There are now 119 rare coins -- valued at $93,000 -- missing from investments he made for the Ohio Bureau of Worker's Comp. Noe blames a former business partner. But this isn't the first time coins went missing while Noe's back was conveniently turned.
On November 30, 1996, Noe and his wife, Bernadette, were returning from a coin convention in Michigan. In the backseat of their van, according to Noe, were two briefcases containing $203,588 in currency. The plan was to drive to his Maumee shop to place the loot under lock and key. But they decided to pick up their kids at Bernadette's sister's place first.
They left the van for only moments. But they returned to a broken window. The briefcases were gone.
Coincidentally, Noe had taken out theft insurance for the coins just a month before.
Homestead Insurance, whose momma didn't raise no fool, denied the claim, stating Noe had left the car unattended. U.S. District Judge David Katz agreed.
Noe appealed, but Circuit Judge David Nelson noted suspicious oddities in Noe's claim. For example, while the briefcases were stolen, Mrs. Noe's purse and cell phone remained undisturbed. The car doors were still locked. And while the van was 20 to 25 feet from the house and the Noes were inside for only three to five minutes, they did not hear the loud smashing of a window or see anyone.
Note to Taft: There's this thing called a background check . . .
Speaking of scams . . .
Even before the Noes were trying to separate Homestead and its money, Bernadette was doing the same at Bowling Green State University, through the time-honored practice of Ye Olde Sexual Harassment Claim.
In the mid-1990s, she was Bowling Green's assistant director of development. But she resigned in February 1995, claiming her boss sexually harassed her by greeting her with hugs and kisses, and making lewd comments at a staff retreat.
The university investigated, but concluded that all was kosher. That didn't sit well with Bernadette, who filed a flurry of suits in any court that would have her.
Meanwhile, though she presumably believed that Bowling Green protects sexual harassers, she nonetheless applied for two fund-raising jobs at the school. When she didn't get the jobs, she filed a new complaint with the Ohio Civil Rights Commission, accusing the university of retaliating against her.
It just so happens that retaliation is easier to prove than sexual harassment. Or maybe Bowling Green just understood that it was cheaper to pay her off than continue to pay its lawyers. Ultimately, the university offered a $95,000 settlement to make her and her many, many lawsuits go away.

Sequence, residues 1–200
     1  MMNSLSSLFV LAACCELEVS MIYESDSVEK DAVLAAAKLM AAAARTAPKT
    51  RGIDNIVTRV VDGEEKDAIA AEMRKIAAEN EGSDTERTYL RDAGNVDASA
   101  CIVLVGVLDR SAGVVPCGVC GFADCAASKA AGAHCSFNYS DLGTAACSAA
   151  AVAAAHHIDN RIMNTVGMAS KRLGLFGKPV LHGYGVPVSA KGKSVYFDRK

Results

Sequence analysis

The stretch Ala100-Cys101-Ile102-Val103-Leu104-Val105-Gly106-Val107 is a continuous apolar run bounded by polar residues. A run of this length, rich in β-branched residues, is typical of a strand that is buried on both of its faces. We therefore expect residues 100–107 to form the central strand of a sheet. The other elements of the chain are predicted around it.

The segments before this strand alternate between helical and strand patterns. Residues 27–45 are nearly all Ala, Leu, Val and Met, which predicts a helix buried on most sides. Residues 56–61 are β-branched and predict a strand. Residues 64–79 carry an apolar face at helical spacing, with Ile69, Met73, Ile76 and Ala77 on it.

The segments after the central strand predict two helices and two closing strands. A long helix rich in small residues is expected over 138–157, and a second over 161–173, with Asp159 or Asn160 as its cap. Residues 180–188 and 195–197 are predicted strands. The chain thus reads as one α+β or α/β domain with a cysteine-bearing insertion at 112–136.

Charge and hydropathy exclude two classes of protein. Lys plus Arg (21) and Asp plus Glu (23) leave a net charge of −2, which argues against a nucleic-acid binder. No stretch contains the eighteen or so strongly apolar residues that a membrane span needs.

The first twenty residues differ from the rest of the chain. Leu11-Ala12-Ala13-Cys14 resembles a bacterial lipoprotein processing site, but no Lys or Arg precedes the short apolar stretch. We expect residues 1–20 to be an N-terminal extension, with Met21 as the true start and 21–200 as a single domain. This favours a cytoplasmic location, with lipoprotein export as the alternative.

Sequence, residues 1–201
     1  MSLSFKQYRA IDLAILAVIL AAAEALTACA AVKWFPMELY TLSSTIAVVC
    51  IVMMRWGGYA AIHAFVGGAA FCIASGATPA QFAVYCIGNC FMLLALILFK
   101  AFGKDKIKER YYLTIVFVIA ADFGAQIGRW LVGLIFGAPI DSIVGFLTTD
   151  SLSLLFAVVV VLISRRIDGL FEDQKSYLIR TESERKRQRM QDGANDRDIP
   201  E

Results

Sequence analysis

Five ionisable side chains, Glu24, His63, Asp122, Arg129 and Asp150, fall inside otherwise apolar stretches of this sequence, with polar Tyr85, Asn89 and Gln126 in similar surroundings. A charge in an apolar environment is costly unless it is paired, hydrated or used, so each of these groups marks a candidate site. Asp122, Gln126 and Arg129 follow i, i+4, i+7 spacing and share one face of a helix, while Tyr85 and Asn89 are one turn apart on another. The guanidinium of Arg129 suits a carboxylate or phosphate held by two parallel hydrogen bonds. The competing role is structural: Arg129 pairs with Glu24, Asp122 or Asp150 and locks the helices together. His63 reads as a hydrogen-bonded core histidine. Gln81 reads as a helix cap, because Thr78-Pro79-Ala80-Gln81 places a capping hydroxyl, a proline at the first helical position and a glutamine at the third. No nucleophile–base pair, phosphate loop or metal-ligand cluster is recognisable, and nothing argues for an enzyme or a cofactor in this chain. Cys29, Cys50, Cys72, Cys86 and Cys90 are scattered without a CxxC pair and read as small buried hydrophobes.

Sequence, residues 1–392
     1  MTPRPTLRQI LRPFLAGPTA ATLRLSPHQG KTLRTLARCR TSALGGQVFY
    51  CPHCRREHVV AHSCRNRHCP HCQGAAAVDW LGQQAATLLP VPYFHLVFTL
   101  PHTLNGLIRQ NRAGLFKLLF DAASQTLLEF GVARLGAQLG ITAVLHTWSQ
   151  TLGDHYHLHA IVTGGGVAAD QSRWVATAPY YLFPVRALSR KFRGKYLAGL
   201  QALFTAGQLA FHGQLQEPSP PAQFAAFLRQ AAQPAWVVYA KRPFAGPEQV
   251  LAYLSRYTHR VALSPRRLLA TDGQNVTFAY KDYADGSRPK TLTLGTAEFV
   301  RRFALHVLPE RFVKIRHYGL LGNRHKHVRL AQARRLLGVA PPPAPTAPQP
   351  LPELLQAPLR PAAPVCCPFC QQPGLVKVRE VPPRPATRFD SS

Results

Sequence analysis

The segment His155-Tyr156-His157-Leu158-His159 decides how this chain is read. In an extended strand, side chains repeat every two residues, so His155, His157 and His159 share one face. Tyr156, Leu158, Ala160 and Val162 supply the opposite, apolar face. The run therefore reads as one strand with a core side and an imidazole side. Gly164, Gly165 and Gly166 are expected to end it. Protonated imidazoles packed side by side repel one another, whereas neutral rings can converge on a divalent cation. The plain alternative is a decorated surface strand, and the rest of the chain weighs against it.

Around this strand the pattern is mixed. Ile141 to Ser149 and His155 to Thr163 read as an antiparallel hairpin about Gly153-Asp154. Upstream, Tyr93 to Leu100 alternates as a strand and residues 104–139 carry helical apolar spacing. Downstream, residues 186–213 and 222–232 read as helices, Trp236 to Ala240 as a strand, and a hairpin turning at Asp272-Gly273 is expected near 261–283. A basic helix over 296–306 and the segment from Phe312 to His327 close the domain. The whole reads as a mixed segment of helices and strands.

Bernadette took the money and ran. After all, there were bigger suckers on the horizon. Bob Taft was in office.
DeWine and deLife
Ever since Senator Mike DeWine broke party ranks and helped broker a deal with Democrats over the judicial-nominee impasse, he hasn't been the most popular Republican in Congress. Indeed, he's like that poor sap in the fifth-grade lunchroom who nervously searches for a table that will accept his presence. At least one person, however, isn't surprised by his unpopularity: his former intern, Jessica Cutler.
"I only met him once on the first day," says Cutler. "I shook his hand. Subsequently, I'd see him in the hallway, and he wouldn't even acknowledge me. The other senators would say 'hi' to me, but he'd look at me like he didn't know who I was. I mean, God, can't he even nod or say 'hi'?"
DeWine fired Cutler last year, after her blog detailing her sexual exploits with D.C. big shots went public. So she did what any self-respecting, scorned American would do: She wrote The Washingtonienne, a "fictionalized" book about the whole experience, in which an earnest, attractive intern has multiple trysts with D.C. big shots, writes about them on a blog, then watches in horror as the blog goes public.
Yet Cutler professes that her characters -- including a certain "horny" pro-life senator from the Midwest -- are "all composite type of characters."
"I'm not picking on DeWine," she insists. Of course.
Lorain wants to force hotels and motels to maintain detailed guest registries -- a move that critics fear would strike a major blow against the city's leading growth industries, prostitution and drugs.
If the ordinance passes, hotels must record check-in and checkout times of all guests, along with the names of everyone who enters their rooms. Police could have access to the info at any time.
But this, scientists believe, would entail way too much work for a desk clerk making minimum wage. Jeff Gamso of the American Civil Liberties Union of Ohio says it's also illegal. He notes that it likely violates the Fourth Amendment, which the Founding Fathers wrote to prevent us from turning sphincter, and bars unnecessary searches and seizures. "Frankly, I don't think the City of Lorain has the right to undo the Fourth Amendment of the United States," says Gamso.
Apparently it does. "We didn't reinvent the wheel," says Lorain Law Director Mark Provenza. "What we did was mirror the laws on the books in other parts of the country."
One of those other parts: Cleveland, which has had a similar ordinance since 1976.
But Cleveland doesn't really count, since everyone's also ignored the law since 1976.
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